Mediators from West Africa's regional bloc arrived in Mali on Saturday for talks aimed at reversing a coup that has been condemned abroad, but celebrated by many in a country battling an Islamist insurgency and simmering political unrest.
After three days of calm in the capital Bamako after Tuesday's ouster of President Ibrahim Boubacar Keita, police used tear gas on Saturday when a scuffle broke out between a group of 50 pro-Keita protesters and local residents who threw stones, an eyewitness told Reuters.
The 15-nation Economic Community of West African States (ECOWAS) has taken a particularly hard line on the coup. The bloc quickly shut borders and ended financial flows this week - a move diplomats said was as much about warning opponents at home as stabilising Mali.
"They cannot tolerate this taking place. They are taking it very personally. It is on their doorstep and they think they are next," one regional diplomat said.
The presidents of Ivory Coast and Guinea are among those pushing for a tough response, another diplomat said, as both have faced violent public protests to their third-term bids and want the bloc to show it will not tolerate power grabs in its own backyard.
All eyes are on the visit by an ECOWAS delegation led by Nigeria's former President Goodluck Jonathan.
"We'll continue to engage Malian stakeholders until lasting peace is found," Jonathan said in a tweet shortly after landing at Bamako airport on Saturday afternoon.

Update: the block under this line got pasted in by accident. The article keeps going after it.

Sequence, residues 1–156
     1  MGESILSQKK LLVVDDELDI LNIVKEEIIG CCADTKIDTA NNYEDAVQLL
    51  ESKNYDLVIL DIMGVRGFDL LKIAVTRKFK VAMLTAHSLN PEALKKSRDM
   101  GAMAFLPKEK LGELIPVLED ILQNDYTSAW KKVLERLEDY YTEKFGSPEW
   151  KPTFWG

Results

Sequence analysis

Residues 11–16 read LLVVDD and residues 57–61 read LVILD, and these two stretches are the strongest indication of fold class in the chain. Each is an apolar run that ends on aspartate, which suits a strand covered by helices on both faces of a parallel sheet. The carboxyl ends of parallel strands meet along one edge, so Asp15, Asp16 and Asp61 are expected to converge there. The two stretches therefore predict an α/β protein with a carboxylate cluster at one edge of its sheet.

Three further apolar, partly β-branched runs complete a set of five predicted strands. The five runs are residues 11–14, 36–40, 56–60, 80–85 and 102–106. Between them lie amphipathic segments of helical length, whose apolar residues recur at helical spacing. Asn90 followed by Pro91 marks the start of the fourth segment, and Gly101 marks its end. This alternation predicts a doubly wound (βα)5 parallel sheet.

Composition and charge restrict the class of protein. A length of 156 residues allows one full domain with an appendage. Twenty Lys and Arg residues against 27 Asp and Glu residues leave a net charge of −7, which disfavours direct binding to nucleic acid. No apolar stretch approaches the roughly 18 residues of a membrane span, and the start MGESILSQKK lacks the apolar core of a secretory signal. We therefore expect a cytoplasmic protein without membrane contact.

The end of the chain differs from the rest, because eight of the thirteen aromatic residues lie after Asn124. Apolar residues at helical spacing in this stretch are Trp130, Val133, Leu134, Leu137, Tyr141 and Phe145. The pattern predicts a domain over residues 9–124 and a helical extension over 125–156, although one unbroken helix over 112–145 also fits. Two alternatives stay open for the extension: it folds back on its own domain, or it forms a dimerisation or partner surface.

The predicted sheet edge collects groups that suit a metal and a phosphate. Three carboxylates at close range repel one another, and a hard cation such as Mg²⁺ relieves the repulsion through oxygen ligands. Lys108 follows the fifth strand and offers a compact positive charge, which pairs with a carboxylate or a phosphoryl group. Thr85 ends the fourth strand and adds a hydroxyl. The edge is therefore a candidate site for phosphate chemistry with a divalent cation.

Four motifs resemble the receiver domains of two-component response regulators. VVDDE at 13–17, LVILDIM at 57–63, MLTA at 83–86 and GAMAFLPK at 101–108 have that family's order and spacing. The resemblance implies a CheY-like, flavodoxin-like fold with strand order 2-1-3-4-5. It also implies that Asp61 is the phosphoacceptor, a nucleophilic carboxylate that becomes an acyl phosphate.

A junta of military officers has controlled the country since Tuesday, when the mutineers detained Keita at gunpoint and forced him to resign. They have promised to oversee a transition to elections within a "reasonable" amount of time.
The ECOWAS delegation is due to meet the coup leaders, who call themselves the National Committee for the Salvation of the People (CNSP), and visit Keita and other detained senior officials among other meetings, according to a provisional schedule seen by Reuters.
The ouster of Keita, known as IBK, has been welcomed by many in Mali, which was rocked by months of protests calling for his resignation over alleged corruption and worsening security in areas where affiliates of al Qaeda and Islamic State are active.
"Reinstating IBK is out of the question. The only thing they (the delegation) can achieve is the transition. Under the rules of ECOWAS, ECOWAS should midwife the transition," the second diplomat said, referring to the outcome of the delegation's talks.
On Friday, thousands of the coup's supporters gathered in a central square in Bamako to celebrate the takeover. There is no outward sign ECOWAS's suspension of financial relations is yet being felt.